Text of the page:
At the age of 16, before I even had a grasp of what advocacy meant, there was something that continued to weigh heavy on my heart. It would be the first question I asked to all who were around me; How is my mom, can I see her? Little did I know this worry at 16 would become a platform for my advocacy.
After spending three years in foster care, I had been placed in what would be my last placement until I aged out of the system. It was in that last placement where my plea to see my mom finally fell on listening ears. My foster parent equally weighed the pros and cons of me being reconnected with my mom. He understood that, naturally, there would be an issue of safety, but having a connection with my mother was just as important. After years of being in foster care, my foster parent drove me an hour away to the home I was removed from three years prior. We arrived at a driveway that wasn’t drivable and an electric and water-free structure disguised as a home. There, I was able to hug my mom for the first time in three years, with tears running down her face, and my foster parent having a judgment free perspective, I felt at ease.
That pivotable moment and years of pleading sparked a passion for advocacy. It put me on the path to developing and refining advocacy skills for myself over the next couple of years in foster care. I was able to earn myself a seat on the HI H.O.P.E.S. Youth Leadership Board for the state of Hawaii’s Child Welfare System. It was through this new platform of advocacy where I was able to be a part of numerous advocacy projects. This opportunity then led to a career in promoting advocacy. I have had the privilege of joining the initiative, Na Kama a Haloa, which focuses on connecting Native Hawaiian children and youth in the foster care system to healthy, supportive, and enriching relationships. It was through this work that I was able to use my experience with my mom to help advocate for the importance of keeping biological parents and youth in care connected. Through that effort, a video was created that has not only circulated statewide but nationally. In this video, my mom, my foster parent, and I shared our story of being reconnected and our definition of family. We highlighted the importance of child welfare and foster parents embracing biological parents and honoring those bonds with their children.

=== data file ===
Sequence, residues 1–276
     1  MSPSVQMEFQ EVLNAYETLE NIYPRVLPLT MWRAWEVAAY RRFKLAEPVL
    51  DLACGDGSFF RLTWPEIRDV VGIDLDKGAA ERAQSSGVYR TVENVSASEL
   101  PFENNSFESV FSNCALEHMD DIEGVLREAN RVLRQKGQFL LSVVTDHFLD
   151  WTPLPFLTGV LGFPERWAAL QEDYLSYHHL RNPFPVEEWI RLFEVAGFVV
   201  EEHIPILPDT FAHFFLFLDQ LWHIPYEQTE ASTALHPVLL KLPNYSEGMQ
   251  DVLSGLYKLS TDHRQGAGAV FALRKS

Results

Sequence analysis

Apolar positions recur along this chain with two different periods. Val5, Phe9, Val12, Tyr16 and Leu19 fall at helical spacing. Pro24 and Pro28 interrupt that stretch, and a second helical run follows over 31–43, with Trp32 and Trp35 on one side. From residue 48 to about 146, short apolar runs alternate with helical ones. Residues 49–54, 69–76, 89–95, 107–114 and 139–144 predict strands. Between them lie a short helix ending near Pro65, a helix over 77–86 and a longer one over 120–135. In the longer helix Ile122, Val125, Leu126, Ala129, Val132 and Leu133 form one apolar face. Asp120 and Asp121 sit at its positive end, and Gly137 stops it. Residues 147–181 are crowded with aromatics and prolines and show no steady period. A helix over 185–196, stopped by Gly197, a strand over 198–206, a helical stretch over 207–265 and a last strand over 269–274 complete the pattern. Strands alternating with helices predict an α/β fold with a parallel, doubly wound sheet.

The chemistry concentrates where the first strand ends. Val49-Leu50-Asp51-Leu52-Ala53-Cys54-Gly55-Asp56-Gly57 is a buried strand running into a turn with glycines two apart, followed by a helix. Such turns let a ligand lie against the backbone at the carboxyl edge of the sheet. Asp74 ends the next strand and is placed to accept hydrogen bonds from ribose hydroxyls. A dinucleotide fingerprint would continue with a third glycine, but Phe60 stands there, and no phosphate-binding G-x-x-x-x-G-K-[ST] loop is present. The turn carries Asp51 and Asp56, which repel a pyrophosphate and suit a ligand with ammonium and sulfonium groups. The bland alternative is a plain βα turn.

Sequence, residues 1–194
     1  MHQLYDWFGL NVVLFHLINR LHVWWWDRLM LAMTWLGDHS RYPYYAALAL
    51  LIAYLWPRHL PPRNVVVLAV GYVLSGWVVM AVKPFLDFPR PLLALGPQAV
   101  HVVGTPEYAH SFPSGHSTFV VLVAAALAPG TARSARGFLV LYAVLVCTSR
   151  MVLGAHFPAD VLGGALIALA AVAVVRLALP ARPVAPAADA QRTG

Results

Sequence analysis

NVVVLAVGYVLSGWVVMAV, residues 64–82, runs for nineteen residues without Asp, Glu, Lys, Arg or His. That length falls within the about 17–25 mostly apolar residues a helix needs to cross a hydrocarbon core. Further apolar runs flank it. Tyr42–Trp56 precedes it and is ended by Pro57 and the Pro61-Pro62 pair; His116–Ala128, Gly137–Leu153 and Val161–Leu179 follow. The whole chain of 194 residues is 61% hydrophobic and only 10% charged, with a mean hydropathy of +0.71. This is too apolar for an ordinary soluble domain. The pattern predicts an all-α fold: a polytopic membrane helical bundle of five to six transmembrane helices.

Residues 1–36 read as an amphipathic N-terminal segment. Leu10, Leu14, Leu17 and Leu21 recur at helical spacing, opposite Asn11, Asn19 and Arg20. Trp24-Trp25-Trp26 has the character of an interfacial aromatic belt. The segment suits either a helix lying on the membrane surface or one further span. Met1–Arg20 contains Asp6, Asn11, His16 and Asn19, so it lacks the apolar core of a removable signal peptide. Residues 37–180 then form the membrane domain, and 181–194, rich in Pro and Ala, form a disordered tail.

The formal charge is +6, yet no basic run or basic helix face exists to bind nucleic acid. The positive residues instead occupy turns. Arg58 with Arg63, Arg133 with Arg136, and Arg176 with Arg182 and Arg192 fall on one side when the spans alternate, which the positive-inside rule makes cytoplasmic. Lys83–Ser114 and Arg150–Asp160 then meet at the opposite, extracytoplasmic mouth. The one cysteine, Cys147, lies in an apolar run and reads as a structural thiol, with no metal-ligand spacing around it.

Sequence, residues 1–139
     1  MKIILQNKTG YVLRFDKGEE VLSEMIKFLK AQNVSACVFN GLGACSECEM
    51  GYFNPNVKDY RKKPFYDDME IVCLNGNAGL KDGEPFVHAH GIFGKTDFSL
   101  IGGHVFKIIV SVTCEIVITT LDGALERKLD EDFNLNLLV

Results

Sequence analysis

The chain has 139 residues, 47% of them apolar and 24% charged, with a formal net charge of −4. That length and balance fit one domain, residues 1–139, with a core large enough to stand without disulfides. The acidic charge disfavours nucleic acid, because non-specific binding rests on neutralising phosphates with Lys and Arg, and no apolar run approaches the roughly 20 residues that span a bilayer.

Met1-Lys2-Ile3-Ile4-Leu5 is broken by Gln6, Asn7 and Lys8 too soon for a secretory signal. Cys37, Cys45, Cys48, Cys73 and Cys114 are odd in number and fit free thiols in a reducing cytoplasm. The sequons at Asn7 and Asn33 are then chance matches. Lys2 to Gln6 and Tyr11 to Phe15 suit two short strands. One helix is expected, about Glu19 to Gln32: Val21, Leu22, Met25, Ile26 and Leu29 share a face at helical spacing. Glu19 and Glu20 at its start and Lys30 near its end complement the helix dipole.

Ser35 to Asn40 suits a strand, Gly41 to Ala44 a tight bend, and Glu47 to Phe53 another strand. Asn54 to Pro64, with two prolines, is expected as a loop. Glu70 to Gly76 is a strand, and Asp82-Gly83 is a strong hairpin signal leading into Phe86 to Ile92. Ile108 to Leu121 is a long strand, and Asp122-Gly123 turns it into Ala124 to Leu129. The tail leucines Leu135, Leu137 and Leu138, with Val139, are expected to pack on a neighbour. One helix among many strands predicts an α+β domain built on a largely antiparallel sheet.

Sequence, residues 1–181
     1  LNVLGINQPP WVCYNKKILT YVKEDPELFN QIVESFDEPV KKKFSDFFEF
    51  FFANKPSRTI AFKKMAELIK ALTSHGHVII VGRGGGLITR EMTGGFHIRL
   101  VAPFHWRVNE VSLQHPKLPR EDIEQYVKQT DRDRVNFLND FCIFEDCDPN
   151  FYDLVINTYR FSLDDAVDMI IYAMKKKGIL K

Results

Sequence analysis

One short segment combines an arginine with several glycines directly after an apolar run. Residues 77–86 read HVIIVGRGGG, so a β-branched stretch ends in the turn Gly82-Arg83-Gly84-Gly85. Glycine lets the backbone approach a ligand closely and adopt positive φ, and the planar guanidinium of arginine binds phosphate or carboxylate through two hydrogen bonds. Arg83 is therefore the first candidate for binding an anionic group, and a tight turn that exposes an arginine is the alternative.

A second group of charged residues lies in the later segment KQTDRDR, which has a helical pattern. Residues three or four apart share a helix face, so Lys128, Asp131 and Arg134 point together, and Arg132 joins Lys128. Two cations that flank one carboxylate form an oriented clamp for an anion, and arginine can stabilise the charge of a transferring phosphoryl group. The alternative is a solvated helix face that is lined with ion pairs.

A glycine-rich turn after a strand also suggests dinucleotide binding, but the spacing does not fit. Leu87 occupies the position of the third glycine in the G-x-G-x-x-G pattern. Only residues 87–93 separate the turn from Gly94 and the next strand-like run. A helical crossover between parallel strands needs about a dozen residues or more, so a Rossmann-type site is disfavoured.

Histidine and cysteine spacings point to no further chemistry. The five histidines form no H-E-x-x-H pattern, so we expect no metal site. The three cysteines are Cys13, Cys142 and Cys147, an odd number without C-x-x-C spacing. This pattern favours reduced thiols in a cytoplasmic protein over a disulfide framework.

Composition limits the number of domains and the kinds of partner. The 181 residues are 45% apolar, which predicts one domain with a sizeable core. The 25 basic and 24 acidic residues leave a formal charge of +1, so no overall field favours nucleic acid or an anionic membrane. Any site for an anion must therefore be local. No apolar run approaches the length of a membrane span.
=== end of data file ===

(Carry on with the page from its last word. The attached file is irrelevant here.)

Now, at twenty two, I am employed at a non-profit that values advocacy and the voices of those with lived experience in the Child Welfare System. I now have the great honor of training young people on how important their voices are and how they can advocate for themselves while being in foster care. I also train service providers on how to support young people in their self-advocacy journeys. Looking back, never in my wildest dreams would I have thought that pleading for my voice to be heard at sixteen would spark a passion and influence my career path and purpose moving forward in my life.
Melissa Mayo, at 22 years old is an alumnus of foster care. She had spent five years in the foster care system and is now the President of the HI H.O.P.E.S. Youth Leadership Board in East Hawaii. Melissa is also a current Jim Casey Young Fellow with the Jim Casey Initiative and an Advisory Council member of the National Association of Counsel for Children. She has been an ambitious leader with a passion for creating positive change and empowering her peers in the Child Welfare System. Melissa also uses her advocacy work in her role as the Pono Process lead at EPIC ‘Ohana Inc., promoting youth self-advocacy and assuring the rights of children and youth are being honored and upheld while in foster care. In addition to Melissa’s advocacy work, she is currently working on obtaining her bachelor’s degree in Political Science and Administration of Justice at the University of Hawaiʻi at Hilo. She is also an adoptive mom to her beautiful niece.